Why the national budget is different than a household's
The nation's economy should be treated more like a farm in winter than a household: When it feels like we've hit a dry spell, the best thing to do is not to stop working, but to find things around the farm that need fixing.
The latest round of talks between President Obama and House Speaker John Boehner are being described as "frank." There are now just two and a half weeks until the fiscal cliff deadline -- and still no deal.
Now throughout the debate about the deficits and debt, you've probably heard a certain metaphor: One that compares the nation to a household. Well, that metaphor bothers one of the nation's leading economists, Robert Shiller of Yale University.
"I think that when we think about the nation, we think about the family," Shiller says. "And we think that if bad times come, we need to tighten our belt; cut back on our spending."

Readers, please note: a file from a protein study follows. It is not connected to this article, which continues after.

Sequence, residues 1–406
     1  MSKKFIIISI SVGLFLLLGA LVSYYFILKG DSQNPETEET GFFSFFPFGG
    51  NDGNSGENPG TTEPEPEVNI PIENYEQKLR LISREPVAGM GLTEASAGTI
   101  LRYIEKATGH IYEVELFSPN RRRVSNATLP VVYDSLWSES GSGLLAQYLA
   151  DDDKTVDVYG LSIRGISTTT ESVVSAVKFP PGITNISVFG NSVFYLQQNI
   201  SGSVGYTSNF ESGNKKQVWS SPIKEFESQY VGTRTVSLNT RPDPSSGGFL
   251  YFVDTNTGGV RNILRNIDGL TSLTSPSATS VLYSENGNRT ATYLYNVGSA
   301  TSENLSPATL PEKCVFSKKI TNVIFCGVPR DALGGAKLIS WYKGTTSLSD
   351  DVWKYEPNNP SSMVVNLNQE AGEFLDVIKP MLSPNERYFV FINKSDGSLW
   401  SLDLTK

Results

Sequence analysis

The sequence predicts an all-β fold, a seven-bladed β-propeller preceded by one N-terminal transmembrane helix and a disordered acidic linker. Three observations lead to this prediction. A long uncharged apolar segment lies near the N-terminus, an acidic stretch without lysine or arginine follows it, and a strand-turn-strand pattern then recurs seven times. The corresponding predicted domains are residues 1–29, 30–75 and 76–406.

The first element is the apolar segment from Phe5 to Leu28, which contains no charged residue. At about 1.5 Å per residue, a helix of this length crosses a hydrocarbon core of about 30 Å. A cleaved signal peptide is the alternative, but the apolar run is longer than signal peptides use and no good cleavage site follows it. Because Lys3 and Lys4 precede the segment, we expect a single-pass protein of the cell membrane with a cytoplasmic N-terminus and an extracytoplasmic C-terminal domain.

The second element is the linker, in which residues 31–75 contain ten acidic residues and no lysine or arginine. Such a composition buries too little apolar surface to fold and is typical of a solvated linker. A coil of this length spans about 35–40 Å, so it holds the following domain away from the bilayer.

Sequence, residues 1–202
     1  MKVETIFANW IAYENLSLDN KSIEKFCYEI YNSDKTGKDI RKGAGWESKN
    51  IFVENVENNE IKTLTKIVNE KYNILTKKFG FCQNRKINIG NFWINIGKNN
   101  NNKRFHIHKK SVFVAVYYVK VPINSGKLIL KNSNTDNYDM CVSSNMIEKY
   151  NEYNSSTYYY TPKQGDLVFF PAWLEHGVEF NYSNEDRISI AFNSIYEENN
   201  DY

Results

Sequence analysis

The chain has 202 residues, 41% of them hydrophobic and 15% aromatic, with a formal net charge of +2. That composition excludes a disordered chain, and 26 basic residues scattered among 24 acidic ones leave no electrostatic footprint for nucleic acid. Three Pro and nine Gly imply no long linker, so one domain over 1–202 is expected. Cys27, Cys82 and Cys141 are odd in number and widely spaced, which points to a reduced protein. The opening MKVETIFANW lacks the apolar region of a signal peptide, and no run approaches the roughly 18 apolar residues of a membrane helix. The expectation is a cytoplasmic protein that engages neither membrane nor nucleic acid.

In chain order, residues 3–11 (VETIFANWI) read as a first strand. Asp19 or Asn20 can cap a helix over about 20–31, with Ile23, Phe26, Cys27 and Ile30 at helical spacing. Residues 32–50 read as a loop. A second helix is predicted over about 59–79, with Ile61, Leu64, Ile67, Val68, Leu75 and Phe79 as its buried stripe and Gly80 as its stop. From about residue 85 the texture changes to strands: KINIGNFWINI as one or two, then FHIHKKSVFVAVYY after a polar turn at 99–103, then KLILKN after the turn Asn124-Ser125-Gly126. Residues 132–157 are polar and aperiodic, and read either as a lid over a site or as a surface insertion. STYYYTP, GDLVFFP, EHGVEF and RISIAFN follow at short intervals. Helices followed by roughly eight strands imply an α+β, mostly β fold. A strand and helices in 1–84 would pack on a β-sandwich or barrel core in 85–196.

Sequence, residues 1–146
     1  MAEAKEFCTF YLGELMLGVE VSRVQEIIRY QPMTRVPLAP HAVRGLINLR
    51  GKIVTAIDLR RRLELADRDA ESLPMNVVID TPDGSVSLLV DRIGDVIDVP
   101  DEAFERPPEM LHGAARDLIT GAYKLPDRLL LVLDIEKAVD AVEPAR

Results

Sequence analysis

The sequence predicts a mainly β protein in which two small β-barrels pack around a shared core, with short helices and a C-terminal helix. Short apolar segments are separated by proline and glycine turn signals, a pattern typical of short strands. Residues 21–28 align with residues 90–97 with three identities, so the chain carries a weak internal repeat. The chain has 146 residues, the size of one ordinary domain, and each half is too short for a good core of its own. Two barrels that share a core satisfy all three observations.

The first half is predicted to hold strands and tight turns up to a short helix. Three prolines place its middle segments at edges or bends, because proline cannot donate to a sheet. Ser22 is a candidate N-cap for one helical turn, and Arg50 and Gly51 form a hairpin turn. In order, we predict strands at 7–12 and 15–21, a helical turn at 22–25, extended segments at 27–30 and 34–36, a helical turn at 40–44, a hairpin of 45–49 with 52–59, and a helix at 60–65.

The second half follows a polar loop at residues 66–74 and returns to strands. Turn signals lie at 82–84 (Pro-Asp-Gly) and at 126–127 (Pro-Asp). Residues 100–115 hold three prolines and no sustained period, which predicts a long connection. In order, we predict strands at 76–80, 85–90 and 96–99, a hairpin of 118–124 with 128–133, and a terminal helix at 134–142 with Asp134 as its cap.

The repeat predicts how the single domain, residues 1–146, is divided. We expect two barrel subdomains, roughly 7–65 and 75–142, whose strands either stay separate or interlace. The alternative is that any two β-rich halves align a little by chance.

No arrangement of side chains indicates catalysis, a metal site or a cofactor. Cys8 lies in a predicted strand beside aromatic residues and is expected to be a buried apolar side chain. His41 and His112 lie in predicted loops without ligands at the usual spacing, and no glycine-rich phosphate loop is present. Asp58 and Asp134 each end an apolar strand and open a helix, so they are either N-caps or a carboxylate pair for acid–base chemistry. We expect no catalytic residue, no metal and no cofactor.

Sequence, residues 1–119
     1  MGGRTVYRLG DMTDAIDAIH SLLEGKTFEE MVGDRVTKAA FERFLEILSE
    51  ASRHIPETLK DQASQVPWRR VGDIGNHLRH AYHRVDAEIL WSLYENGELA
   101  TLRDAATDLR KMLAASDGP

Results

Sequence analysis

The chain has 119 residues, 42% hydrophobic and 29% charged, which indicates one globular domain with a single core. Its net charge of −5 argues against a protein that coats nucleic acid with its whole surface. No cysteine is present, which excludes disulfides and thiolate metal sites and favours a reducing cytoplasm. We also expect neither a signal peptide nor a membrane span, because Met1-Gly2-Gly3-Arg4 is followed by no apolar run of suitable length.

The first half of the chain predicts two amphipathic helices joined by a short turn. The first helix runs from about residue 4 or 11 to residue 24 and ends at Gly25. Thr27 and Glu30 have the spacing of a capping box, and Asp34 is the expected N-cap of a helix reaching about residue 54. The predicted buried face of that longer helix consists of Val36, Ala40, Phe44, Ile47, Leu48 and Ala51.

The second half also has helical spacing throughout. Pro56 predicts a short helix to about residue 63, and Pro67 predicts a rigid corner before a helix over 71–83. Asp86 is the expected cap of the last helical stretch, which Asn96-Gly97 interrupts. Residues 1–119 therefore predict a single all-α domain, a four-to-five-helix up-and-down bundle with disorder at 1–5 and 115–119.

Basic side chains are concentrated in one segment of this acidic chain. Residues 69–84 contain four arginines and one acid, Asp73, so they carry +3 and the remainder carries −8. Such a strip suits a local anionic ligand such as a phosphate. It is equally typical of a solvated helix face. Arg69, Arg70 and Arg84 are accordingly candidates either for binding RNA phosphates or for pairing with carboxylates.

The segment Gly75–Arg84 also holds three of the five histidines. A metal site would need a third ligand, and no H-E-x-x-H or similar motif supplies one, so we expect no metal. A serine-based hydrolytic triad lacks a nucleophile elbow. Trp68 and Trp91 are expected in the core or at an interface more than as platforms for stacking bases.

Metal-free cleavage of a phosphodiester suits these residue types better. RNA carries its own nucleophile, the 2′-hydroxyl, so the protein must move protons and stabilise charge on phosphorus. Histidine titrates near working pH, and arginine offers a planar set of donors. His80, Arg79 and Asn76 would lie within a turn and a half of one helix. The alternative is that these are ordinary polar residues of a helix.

That metaphor doesn't work so well when it comes to the nation's economic tough times, he argues, because the income of a nation depends on spending.
"If we in one family cut back on our spending, it won't effect our income," he explains. "But if everybody cuts back on their spending, it will lower the national income."
So what's a better metaphor that policy makers could use in its place?
A winter on the farm, says Shiller.
"Sometimes cold, harsh times come on the farm. So people might sit around and not feel very active. But people love to work, within limits. So someone on the farm should say, 'Hey, let's go fix the barn now because there isn't something else to do.'"
To extend the metaphor out, Shiller thinks the government should be investing in infrastructure projects instead of trying to cut spending in a slow economic growth period -- like the one we're in now.